On Facebook, pro-IP advocate J. Neil Schulman tells me: “You’re the foremost enemy of property rights because you masquerade as a defender of them while putting forward the proposition that the unique thing which an author or composer creates is the one thing that cannot be owned because of your misplaced test for non-rivalrousness. You’ve turned property rights on its head by stating that only stuff that is NOT created can be owned.”
Wow, the foremost, no less! Aw, shucks, I can’t claim credit for this–it was all there implicitly already in Hoppe, Rothbard, and Mises.
Schulman’s approach is basically Randian-creationist. Yet as noted in Locke on IP; Mises, Rothbard, and Rand on Creation, Production, and “Rearranging”, in her more rational moments, Rand recognized:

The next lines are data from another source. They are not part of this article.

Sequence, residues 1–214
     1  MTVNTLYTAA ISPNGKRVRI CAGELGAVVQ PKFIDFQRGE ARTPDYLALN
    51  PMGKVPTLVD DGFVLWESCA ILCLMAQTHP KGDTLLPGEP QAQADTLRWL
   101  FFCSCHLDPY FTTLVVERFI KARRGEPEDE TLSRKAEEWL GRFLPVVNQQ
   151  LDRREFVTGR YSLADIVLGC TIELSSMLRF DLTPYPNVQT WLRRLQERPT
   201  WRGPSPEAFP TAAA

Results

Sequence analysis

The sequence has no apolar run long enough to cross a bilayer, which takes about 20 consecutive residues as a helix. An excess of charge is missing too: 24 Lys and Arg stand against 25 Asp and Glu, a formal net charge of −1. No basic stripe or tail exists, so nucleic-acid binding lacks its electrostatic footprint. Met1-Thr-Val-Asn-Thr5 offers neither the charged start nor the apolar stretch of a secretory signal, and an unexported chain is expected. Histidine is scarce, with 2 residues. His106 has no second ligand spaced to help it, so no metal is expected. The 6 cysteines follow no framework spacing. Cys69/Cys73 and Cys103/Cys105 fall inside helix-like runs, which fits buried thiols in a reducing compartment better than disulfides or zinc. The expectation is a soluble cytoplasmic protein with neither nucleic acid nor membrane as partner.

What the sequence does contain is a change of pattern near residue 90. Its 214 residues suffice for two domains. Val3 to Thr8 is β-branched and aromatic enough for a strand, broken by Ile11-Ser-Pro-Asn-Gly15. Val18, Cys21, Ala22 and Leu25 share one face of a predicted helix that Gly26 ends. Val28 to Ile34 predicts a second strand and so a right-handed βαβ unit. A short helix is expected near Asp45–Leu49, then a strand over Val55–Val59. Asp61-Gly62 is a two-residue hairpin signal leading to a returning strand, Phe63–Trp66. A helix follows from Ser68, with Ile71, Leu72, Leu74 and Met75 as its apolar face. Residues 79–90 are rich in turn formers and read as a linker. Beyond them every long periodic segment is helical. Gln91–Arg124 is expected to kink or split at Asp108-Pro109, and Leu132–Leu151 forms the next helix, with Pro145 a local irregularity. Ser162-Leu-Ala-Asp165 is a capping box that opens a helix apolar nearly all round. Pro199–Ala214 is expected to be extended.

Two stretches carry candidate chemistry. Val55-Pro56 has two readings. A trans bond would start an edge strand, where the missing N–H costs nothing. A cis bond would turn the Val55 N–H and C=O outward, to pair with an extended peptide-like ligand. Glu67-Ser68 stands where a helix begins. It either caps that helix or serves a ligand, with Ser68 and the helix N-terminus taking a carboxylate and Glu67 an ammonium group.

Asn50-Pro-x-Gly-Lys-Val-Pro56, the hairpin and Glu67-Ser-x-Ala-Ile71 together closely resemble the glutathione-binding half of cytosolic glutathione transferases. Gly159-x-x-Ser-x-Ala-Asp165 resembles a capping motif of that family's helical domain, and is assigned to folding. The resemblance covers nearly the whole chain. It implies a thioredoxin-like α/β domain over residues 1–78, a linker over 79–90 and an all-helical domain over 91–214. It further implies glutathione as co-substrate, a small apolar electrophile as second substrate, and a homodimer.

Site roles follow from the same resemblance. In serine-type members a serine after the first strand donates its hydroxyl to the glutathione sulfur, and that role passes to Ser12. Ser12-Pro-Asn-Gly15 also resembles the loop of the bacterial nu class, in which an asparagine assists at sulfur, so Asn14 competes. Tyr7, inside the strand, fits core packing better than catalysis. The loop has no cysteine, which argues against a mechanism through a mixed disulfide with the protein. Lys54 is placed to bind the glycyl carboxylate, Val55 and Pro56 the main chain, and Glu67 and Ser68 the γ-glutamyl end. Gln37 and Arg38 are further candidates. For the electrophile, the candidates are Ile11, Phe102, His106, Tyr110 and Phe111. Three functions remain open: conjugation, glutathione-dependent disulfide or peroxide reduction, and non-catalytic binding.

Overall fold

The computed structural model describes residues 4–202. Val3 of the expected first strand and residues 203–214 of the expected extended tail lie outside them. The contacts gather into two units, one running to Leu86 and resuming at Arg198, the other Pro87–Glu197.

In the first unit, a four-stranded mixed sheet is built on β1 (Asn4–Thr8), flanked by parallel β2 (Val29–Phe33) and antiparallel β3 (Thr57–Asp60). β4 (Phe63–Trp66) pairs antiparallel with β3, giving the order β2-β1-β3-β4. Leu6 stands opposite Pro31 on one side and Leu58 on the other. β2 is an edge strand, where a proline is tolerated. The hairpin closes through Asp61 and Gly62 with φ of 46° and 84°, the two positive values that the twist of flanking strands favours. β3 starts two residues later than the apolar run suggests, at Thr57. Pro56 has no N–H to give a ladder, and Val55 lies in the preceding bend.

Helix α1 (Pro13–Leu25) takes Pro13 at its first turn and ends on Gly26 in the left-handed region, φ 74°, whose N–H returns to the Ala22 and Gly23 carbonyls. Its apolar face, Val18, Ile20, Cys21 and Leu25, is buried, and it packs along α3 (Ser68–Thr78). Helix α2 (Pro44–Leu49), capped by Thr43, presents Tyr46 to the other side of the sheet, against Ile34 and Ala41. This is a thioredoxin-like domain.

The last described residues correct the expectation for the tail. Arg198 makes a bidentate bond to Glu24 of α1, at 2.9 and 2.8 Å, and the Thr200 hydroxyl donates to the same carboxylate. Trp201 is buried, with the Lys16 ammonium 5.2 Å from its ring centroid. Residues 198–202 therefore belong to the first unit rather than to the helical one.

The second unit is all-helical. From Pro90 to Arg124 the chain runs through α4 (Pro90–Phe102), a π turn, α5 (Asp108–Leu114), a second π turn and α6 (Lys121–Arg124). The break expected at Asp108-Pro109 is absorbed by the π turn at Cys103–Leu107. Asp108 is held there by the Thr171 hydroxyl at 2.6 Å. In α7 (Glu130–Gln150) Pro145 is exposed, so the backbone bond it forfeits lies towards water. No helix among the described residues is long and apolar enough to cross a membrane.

The power to rearrange the combinations of natural elements is the only creative power man possesses. It is an enormous and glorious power—and it is the only meaning of the concept “creative.” “Creation” does not (and metaphysically cannot) mean the power to bring something into existence out of nothing. “Creation” means the power to bring into existence an arrangement (or combination or integration) of natural elements that had not existed before.